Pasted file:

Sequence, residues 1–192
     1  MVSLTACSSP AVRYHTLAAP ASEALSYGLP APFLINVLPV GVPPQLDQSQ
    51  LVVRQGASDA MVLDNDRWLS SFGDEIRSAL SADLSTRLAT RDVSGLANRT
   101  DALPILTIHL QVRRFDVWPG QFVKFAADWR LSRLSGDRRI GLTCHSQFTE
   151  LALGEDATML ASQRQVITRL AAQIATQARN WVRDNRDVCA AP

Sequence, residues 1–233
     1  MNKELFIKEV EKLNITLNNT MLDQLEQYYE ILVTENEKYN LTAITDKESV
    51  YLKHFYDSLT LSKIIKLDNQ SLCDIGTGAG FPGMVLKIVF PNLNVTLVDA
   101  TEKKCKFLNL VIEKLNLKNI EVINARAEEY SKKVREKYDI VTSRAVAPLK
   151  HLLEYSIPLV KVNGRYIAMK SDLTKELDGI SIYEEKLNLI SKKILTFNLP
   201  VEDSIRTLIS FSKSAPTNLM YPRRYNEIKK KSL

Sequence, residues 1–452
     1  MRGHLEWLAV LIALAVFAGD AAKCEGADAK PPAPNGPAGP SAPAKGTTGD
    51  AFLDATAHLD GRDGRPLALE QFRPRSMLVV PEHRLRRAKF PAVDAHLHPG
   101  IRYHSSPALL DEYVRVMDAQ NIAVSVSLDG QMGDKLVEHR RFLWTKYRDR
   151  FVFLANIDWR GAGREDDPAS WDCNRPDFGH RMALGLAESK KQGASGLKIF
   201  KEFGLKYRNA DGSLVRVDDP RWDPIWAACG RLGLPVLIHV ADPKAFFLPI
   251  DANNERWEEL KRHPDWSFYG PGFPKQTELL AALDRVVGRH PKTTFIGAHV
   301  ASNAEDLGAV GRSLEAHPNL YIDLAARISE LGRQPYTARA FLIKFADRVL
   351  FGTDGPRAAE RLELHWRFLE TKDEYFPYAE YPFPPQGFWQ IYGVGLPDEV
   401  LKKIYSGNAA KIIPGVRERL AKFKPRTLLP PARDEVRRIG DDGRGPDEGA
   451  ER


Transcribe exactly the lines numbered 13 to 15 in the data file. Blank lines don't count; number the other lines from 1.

     1  MRGHLEWLAV LIALAVFAGD AAKCEGADAK PPAPNGPAGP SAPAKGTTGD
    51  AFLDATAHLD GRDGRPLALE QFRPRSMLVV PEHRLRRAKF PAVDAHLHPG
   101  IRYHSSPALL DEYVRVMDAQ NIAVSVSLDG QMGDKLVEHR RFLWTKYRDR